The influence of land-use activities and regional drought on historical fire regimes of Buryatia, Siberia

Erica R. Bigio, Thomas W. Swetnam, Christopher H. Baisan, Christopher H. Guiterman, Yegor K. Kisilyakhov, Sergey G. Andreev, Eduard A. Batotsyrenov, Alexander A. Ayurzhanaev

Research output: Contribution to journalArticlepeer-review

1 Scopus citations

Abstract

Every year, millions of hectares burn across Siberia, driven by a combination of warming temperatures, regional drought and human-caused ignitions. Dendrochronology provides a long-term context to evaluate recent trends in fire activity and interpret the relative influence of humans and climate drivers on fire regimes. We developed a 400 year record of fire-scarred trees from 17 sites in pine-dominated forests located southeast of Lake Baikal. Site-level mean fire return intervals (MFIs) ranged from 4 to 27 years for all fires and 8 to 35 years for widespread fires within sites. Sites with the lowest MFI values were located within 1 km of agricultural fields in grassland valleys, suggesting that agricultural burning influenced MFIs at nearby sites. Fire frequency varied over the record, with significantly high values around 1790, from 1865 to 1880, 1948 to 1955 and 1995 to 2005. The increased fire activity corresponded with migration waves to the region and major socio-economic change connected with the establishment and breakdown of the Soviet Union. At broader scales, superposed epoch analysis showed that synchronous fire years were associated with regional drought and precipitation deficits. Wet conditions for 2-3 years prior to the event year were also significant, suggesting that increased moisture promoted growth of understory fine fuels to support more extensive fires across the study area. Although fire frequencies increased during the 20th century, fire-climate relationships weakened, suggesting increased human-caused ignitions may override regional climate drivers. Our dataset presents a continuous record of frequent surface fires over the past 400 years, providing a valuable opportunity to compare dendrochronology-based reconstructions with satellite and documentary records.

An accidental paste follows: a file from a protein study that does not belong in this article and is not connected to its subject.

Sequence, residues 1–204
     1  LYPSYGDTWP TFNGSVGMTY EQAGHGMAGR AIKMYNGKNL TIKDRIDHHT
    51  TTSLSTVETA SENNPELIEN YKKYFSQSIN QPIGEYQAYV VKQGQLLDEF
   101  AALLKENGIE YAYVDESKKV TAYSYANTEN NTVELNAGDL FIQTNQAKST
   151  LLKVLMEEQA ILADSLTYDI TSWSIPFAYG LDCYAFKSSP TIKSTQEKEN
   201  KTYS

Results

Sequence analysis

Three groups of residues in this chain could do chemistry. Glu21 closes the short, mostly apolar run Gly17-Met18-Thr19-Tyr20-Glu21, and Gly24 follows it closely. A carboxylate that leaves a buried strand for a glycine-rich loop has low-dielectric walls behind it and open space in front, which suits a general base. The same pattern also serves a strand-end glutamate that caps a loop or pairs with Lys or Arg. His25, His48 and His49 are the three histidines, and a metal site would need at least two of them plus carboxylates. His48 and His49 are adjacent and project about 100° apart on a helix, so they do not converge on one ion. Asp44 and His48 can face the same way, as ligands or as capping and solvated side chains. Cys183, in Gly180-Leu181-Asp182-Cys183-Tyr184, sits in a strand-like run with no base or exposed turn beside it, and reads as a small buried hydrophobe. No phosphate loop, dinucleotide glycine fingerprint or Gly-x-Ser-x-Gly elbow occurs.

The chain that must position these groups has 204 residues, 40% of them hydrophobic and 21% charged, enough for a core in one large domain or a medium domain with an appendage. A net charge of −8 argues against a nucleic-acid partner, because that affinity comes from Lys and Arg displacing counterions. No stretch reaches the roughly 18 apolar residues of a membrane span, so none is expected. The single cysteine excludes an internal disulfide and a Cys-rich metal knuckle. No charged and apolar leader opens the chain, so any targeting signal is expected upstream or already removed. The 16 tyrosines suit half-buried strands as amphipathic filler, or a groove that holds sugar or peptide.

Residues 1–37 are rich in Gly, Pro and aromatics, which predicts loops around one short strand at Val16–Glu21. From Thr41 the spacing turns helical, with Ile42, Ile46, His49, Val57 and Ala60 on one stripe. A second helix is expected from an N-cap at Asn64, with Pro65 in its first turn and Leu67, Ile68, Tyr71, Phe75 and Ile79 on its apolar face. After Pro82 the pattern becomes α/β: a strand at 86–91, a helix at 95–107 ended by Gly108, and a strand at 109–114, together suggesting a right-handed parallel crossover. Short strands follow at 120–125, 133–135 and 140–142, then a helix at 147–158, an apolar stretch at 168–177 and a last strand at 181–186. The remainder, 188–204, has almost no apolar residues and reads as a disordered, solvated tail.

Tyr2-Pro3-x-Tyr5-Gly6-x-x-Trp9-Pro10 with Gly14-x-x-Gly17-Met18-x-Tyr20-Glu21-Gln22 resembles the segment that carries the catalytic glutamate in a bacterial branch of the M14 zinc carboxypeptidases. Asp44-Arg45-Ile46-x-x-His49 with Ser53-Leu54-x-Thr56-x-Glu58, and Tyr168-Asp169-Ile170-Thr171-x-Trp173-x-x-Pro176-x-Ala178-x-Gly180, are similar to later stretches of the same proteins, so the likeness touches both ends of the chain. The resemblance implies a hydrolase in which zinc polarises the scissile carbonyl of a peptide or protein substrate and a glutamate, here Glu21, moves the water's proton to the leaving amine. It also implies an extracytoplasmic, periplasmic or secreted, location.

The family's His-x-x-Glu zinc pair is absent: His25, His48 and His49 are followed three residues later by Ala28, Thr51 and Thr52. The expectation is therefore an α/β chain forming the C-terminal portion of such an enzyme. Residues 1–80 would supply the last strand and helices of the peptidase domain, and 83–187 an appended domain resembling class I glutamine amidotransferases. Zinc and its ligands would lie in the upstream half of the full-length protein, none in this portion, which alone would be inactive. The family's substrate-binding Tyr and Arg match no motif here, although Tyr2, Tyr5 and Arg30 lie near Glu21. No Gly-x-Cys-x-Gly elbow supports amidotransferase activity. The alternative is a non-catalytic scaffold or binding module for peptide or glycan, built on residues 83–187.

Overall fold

Original languageEnglish (US)
Article number054043
JournalEnvironmental Research Letters
Volume17
Issue number5
DOIs
StatePublished - 2022

Keywords

  • Siberia
  • dendrochronology
  • fire history
  • fire-climate
  • frequent fire
  • tree rings
  • wildland fire

ASJC Scopus subject areas

  • Renewable Energy, Sustainability and the Environment
  • Environmental Science(all)
  • Public Health, Environmental and Occupational Health

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